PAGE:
Wednesday, June 26, 2013

Hobbes' concept of the laws of nature

To: Pearl K.
From: Geoffrey Klempner
Subject: Hobbes' concept of the laws of nature
Date: 26th March 2010 12:57

Dear Sachiko,

Thank you for your email of 19 March, with your essay for the University of London BA Political Philosophy module, in response to the question, 'How should we understand Hobbes' concept of the laws of nature? In what sense, if any, are they laws?

This essay is for the most part lucid and well argued, altogether an very good exposition of Hobbes. However, you are right about what you said in your email, 'I have a feeling I have missed a big chunk of something somewhere'. There is a drastic tail-off at the end of your essay, which leaves unanswered the main question underlying how Hobbes understands 'Laws of Nature' and in particular how Hobbes' view differs from that of Aquinas, given that both philosophers claim that these laws are in some sense grounded in God's will.

You pick on the central issue, the question whether self-preservation is itself a divinely based law (Aquinas) or merely a fact about human nature, but the one thing you needed to do was relate this to Hobbes' notion of Laws of Nature as not only objectively based in God's will but also rationally compelling independently of what, if anything, we know about God.

The whole question of how ethics can be based on divine command given the objection of circularity -- are moral laws right because God commands them or does God command them because they are right? -- is a fascinating one: you might be interested to look at a piece I wrote for my blog, 'Tentative Answers' about Geach and the Euthyphro dilemma. See:


http://tentativeanswers.blogspot.com/2009/09/god-ethics-and-euthyphros-dilemma.html


For philosophers who follow Aquinas' view, it is sufficient that we know what God commands us to do. The Holy Scriptures provide ample information on that score. Hobbes' view is more complex: on the one hand, the laws of nature are divinely based, and that is what constitutes their objective grounding. But on the other hand, human beings are perfectly capable of deriving these laws for themselves by means of their God-given capacity for reason. Later, Kant was to argue for a similar conclusion, while conceding that belief in the existence of God can never be justified by reason but must be left to faith.

Hobbes *needs* the assumption of the principle of self-preservation as a given fact, a descriptive, non-moral axiom, in order to derive the laws of nature as 'theorems', as you call them. The challenge for politics, as Hobbes sees it, is to explain how it is that men can agree to live by laws which limit their freedom of action, to the benefit of all.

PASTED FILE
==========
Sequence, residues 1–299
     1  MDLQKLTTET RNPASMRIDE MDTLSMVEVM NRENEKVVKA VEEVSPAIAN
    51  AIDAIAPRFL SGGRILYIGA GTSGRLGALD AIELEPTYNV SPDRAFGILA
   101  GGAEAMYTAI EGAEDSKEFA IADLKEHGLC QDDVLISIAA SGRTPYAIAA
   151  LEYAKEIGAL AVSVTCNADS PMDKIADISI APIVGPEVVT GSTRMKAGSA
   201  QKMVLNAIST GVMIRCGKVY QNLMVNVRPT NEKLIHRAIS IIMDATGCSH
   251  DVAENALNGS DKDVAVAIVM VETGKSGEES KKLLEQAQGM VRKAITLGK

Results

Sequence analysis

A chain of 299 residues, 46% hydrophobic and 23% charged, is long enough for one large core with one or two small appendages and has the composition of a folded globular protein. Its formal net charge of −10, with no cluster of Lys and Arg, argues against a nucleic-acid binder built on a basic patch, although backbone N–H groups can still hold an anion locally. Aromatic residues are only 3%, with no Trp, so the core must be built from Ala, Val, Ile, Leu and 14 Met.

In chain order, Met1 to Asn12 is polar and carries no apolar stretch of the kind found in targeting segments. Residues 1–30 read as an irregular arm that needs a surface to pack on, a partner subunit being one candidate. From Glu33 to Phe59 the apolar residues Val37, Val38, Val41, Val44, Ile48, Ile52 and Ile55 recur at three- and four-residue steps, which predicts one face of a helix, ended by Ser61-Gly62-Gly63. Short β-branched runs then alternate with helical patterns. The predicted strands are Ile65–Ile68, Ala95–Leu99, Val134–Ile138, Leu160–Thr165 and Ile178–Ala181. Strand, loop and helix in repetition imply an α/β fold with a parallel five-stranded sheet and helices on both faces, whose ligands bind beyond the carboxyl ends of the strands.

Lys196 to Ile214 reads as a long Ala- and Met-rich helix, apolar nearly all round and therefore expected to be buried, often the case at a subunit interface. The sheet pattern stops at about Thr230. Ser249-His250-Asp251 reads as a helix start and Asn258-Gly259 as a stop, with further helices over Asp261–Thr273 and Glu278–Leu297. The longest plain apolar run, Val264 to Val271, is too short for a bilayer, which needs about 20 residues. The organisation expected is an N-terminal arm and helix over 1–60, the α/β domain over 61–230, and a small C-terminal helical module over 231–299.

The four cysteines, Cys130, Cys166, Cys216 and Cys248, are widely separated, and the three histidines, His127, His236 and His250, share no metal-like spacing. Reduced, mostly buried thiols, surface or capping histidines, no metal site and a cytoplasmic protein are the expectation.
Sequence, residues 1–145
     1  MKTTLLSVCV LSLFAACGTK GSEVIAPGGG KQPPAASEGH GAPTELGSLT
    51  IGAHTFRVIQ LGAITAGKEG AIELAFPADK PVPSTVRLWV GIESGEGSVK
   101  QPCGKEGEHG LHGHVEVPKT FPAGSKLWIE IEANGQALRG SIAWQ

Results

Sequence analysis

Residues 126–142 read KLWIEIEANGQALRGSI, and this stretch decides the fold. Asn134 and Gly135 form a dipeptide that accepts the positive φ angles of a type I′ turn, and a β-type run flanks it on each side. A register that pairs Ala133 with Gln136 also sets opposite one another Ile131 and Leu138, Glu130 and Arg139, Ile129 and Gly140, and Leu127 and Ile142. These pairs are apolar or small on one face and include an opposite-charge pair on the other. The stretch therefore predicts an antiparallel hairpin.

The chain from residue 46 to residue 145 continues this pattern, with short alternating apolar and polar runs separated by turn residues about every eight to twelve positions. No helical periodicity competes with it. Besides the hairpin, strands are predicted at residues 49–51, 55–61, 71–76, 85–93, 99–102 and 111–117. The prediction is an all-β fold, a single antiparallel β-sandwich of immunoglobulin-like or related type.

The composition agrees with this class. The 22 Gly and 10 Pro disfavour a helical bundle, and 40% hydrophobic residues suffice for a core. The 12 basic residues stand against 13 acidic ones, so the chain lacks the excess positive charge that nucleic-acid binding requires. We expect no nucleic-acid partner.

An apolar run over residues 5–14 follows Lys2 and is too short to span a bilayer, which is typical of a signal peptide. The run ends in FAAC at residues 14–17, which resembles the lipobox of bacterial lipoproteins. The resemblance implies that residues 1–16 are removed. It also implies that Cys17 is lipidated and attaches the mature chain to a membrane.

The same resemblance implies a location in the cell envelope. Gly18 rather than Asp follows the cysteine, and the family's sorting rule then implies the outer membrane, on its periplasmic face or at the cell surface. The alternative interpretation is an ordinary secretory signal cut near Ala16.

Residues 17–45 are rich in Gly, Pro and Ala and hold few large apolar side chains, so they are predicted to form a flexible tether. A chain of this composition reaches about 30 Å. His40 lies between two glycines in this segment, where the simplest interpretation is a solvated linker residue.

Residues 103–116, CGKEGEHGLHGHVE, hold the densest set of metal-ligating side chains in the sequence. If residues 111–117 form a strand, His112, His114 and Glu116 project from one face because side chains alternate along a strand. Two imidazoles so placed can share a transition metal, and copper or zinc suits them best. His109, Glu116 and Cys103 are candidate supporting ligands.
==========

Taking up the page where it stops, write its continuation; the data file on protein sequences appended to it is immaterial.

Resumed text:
It is not enough that each man can see this benefit. That is the whole point about the so-called 'prisoners dilemma'. You give the example of Caligula as evidence backing up Locke's criticism of Hobbes' argument for the need for an absolute sovereign. But Hobbes would say that this just misses the point about the dilemma. If you get a group of people together -- e.g. parliamentarians in a Western democracy -- what laws, what sanctions, keep the lawmakers in check and prevent each man pursuing his own 'glory' to the detriment of others?

The answer is that there is an absolute sovereign, in effect, in the state. The institutions of the police, army and judiciary combine to form a power which no individual citizen can defy. You can't fight the law. If you take human beings in a Hobbesian state of nature, there is no way that they can create such a complex structure from scratch. An absolute monarch is the only solution that can work. If there is a criticism to be made of Hobbes on this point, it is that he did not recognize the possibility that the absolute power can evolve into what we have today, where the actual monarch is a mere figure head and power resides with the elected government.

But ARE human beings prior to any political organization in the 'state of nature' which Hobbes describes? This is a vulnerable point in his case, because he is basing this on a mere empirical hypothesis, for which he has no hard evidence. Human beings have evolved as social beings. Arguably, the conditions for an idea of justice can already be found in any human family, however primitive. On this view, Hobbes' attempt to account for the laws of nature -- the rules of justice and morality -- solely on the basis of self-preservation or self-interest is a heroic failure. We don't have to pull ourselves up by our boot-laces. As social beings, even in a primitive society, we are already where Hobbes wants us to be.

I apologize if I have strayed into expressing my own views on this question, but you can see this as just one possible way -- contentious though it may be -- of how the gap in your otherwise commendable exposition might be filled.

All the best,

Geoffrey